It does, as opposed to the 2 (front and back) motors on the F150.  Which would certainly give it the advantage, but I don't think that necessarily leaves the F150 at a disadvantage when it comes to offroading or wet road performance.  It still has a rear locking differential to keep the imbalance of torque from digging you in.

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More than anything I’d be concerned about the weight of an electric truck. I drive a Tacoma and that weighs about 4000lb give or take, a gas f150 weighs 5000lb give or take but a Rivian weighs about 7300lb and a lighting weights 6000lb and change. When driving on sand the goal is to float ontop of it. The more weight, the more it’ll dig in. I’m sure it’ll work on sand but it’ll have to work a lot harder, if you’re traveling to fish and driving on the beach that could be an issue. 

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1 min ago, bobbymoore said:

More than anything I’d be concerned about the weight of an electric truck. I drive a Tacoma and that weighs about 4000lb give or take, a gas f150 weighs 5000lb give or take but a Rivian weighs about 7300lb and a lighting weights 6000lb and change. When driving on sand the goal is to float ontop of it. The more weight, the more it’ll dig in. I’m sure it’ll work on sand but it’ll have to work a lot harder, if you’re traveling to fish and driving on the beach that could be an issue.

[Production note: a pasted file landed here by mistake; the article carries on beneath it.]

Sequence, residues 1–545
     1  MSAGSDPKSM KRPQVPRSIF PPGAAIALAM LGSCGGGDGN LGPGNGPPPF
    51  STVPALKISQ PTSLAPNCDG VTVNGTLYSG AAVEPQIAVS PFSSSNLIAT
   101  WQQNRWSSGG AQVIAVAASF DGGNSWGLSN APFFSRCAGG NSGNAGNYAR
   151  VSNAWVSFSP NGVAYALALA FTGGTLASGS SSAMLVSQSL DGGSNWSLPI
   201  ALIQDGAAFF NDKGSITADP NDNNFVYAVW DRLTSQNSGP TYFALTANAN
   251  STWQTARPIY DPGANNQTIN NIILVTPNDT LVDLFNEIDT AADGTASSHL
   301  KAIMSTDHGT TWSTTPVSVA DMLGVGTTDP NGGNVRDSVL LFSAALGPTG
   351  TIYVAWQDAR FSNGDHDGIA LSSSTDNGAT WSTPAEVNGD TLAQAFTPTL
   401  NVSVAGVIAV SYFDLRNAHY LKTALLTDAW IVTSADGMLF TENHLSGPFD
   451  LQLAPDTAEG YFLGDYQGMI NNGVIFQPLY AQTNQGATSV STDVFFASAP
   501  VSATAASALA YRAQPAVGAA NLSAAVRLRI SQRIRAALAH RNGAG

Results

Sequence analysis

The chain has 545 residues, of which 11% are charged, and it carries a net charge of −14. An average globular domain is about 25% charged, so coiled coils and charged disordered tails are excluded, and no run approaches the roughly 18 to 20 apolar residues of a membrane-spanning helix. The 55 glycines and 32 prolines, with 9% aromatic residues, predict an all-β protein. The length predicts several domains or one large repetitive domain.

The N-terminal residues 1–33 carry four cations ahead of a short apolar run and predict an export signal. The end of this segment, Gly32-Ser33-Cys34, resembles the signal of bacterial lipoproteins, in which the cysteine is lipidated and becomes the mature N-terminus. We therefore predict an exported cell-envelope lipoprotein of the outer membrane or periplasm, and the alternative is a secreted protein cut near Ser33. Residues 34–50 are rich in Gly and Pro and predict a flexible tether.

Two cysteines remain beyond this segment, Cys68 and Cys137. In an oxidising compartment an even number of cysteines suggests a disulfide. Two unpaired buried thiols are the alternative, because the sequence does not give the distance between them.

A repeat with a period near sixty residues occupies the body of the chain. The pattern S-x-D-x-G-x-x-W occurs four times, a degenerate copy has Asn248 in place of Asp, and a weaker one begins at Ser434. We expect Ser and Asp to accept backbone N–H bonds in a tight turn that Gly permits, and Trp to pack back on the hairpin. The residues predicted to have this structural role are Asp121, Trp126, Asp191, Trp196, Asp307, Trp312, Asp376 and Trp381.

It's a fair point, but I think the 20% increase in the Lightning's weight over the ICE equivalent is probably more than made up for by the torque curve difference on the electric motor vs the ICE.

 

The one thing I thought, having seen and driven the truck but not owned it or driven it on a beach - the stock tires don't look to have anywhere near an aggressive enough tread for someone who plans on doing a lot of beach driving.

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Now THAT is interesting...hadn't realized the weight difference is that much....gonna need wide tires or major air-down I bet.

 

In three years with my Ram 1500 with the 20" rims and low-profile tires I have only had to air down once driving on our beaches here on eastern LI. 

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Posted (edited)

5 mins ago, bobbymoore said:

More than anything I’d be concerned about the weight of an electric truck. I drive a Tacoma and that weighs about 4000lb give or take, a gas f150 weighs 5000lb give or take but a Rivian weighs about 7300lb and a lighting weights 6000lb and change. When driving on sand the goal is to float ontop of it. The more weight, the more it’ll dig in. I’m sure it’ll work on sand but it’ll have to work a lot harder, if you’re traveling to fish and driving on the beach that could be an issue. 

I dont disagree with what you are saying but i have seen plenty of 3/4 ton suburbans loaded up to the gills and 1 ton diesel pickups on the beach as well as slide in campers, and for that matter full blown motorhomes....when aired down and driven correctly they do a decent job on the beach, thought lighter is definitely more nimble

Edited by riggler